• commonalities and differences in lunar, martian, and asteroidal exploitation     • planetary analogs, engineering and science and earth extreme regions     • mineral processing in low gravity/vacuum/high-energy radiation environments
• extra-terrestrial and extreme terrestrial civil engineering and construction     • large, long-term terrestrial engineering projects as templates for non-terrestrial infrastructure development and financing     • other related topics

Symposium 3: Advanced Materials and Designs for Hydraulic, Earth, and Aerospace Structures

New techniques in experimental, computational, and analytical mechanics are expanding understanding of the behavior of composite, smart, and new materials.  Exciting combinations of fundamental studies and practical applications by government and industry are expanding the design and analysis capabilities for hydraulic, dirt, and aerospace structures on Earth and elsewhere.  Recent advances and studies on materials and structures as well as their design aspects in large hydraulic structures, geotechnical exploration, underground space development, and aerospace are particularly solicited.

• novel new structural components and systems   • structural health monitoring • nano/micro-mechanics
• safety and health monitoring of hydraulic structures   • impact mechanics of composites  
• green and high-performance concrete   • bioplastics and biocomposites  
• urban underground space development technologies      
• experimental, analytical and numerical techniques      
• fatigue, fracture, and damage mechanics
• resilience and sustainablility of materials and structures

Symposium 4: Structures in Challenging Environments:  Dynamics, Controls, Smart Structures, Health Monitoring, and Sensors

Integration of sensors into structural and material systems enables more effective and precisely tuned performance, as well as remote evaluation and control of space and terrestrial systems. The design and analysis of structures in challenging environments on any planetary body need special care beyond current terrestrial practice. Space environments – on surface or on orbit – expose systems to radiation exposure, micro/reduced gravity, vacuum, debris/meteoroid impact, and temperature extremes.  In addition, educators face challenges in using emerging technology to improve the education of the engineers of the future. Overcoming these significant challenges is imperative to the success of any structure in space.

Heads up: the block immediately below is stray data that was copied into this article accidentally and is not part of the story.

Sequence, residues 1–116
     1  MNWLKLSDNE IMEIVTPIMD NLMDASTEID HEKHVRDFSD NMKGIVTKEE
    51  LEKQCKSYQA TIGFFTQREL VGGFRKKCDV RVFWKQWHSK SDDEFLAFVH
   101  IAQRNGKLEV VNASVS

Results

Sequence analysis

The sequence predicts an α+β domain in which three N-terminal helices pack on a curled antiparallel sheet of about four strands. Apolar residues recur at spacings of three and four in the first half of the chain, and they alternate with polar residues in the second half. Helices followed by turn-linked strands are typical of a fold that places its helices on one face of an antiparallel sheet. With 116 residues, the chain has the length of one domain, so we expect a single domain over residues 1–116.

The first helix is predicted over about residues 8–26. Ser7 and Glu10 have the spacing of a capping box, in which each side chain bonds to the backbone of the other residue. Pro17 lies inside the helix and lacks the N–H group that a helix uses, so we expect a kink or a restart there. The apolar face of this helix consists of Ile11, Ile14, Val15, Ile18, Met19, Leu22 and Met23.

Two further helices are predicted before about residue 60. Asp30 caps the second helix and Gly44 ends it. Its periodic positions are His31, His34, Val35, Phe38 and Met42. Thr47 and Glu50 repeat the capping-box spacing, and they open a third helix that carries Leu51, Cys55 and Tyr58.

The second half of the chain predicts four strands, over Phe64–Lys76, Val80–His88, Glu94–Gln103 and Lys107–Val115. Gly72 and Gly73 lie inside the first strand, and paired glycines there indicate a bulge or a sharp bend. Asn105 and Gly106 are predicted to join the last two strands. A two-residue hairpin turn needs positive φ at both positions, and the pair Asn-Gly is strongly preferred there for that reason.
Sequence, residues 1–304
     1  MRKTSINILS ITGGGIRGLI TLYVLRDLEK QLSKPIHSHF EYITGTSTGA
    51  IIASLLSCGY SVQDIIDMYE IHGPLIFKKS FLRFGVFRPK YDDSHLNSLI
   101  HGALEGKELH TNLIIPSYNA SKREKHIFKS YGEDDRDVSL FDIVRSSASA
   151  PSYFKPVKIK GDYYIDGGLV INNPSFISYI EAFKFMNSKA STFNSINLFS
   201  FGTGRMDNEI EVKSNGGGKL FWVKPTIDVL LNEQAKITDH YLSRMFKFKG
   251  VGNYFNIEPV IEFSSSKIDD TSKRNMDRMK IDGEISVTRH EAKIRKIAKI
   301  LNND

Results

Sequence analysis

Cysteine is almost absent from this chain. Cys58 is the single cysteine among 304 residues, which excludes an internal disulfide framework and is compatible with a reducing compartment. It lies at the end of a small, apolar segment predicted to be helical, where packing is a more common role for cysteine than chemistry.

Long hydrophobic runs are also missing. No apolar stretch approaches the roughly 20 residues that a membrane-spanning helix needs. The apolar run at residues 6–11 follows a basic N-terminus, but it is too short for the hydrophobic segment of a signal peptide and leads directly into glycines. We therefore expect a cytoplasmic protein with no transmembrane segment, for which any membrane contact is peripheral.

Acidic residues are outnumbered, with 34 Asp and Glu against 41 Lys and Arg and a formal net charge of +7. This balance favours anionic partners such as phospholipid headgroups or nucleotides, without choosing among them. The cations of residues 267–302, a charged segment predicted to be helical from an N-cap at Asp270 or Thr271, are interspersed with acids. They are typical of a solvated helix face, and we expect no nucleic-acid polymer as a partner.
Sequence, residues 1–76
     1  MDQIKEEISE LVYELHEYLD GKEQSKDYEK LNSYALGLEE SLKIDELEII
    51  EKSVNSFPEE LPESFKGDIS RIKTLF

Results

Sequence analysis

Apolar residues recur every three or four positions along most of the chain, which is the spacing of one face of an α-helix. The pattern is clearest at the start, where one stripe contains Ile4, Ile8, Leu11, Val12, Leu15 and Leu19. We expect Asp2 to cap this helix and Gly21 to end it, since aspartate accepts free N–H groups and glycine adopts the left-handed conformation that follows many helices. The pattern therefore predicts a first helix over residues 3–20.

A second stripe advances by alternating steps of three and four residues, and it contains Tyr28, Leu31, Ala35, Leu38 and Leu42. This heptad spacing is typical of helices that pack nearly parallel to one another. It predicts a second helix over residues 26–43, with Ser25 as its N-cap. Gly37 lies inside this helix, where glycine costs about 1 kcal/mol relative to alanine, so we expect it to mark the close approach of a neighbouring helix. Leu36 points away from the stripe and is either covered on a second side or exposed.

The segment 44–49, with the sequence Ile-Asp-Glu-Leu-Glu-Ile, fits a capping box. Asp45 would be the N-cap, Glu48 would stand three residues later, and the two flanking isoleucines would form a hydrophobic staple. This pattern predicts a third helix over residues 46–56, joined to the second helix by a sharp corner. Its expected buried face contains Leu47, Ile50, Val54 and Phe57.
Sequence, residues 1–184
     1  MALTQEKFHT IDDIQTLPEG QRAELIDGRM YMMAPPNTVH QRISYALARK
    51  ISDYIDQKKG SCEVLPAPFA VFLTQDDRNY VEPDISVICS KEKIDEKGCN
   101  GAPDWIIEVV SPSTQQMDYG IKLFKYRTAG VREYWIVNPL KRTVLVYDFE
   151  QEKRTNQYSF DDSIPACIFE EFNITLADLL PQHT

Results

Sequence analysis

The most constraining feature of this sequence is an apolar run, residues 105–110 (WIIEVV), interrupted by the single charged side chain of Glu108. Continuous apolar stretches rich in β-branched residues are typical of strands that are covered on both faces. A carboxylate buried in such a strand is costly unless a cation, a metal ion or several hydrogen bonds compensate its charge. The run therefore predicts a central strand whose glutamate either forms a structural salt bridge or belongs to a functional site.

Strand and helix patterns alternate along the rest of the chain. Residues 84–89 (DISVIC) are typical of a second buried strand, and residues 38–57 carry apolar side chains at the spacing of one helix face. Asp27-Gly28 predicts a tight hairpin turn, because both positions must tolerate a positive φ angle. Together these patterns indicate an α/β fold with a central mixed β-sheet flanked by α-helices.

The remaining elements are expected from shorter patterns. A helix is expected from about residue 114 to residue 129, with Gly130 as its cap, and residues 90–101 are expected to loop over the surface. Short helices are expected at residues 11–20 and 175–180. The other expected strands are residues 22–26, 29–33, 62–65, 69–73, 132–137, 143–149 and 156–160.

• smart and intelligent structures   • shape memory alloy actuators   • structural health monitoring
• dynamics and controls   • modeling of intelligent structures   • fiber optic and piezeoelectric-based sensors
• structural vibration control via active and semi-active approaches   • nanomaterial-based and biologically inspired sensors, actuators, and structures   • tracking and control of structures in challenging environments
• innovative techniques/methodologies of design and analysis of structures   • structures in extreme environments on Earth, in space, and on the Moon and Mars   • university-industry joint programs
• remote experiments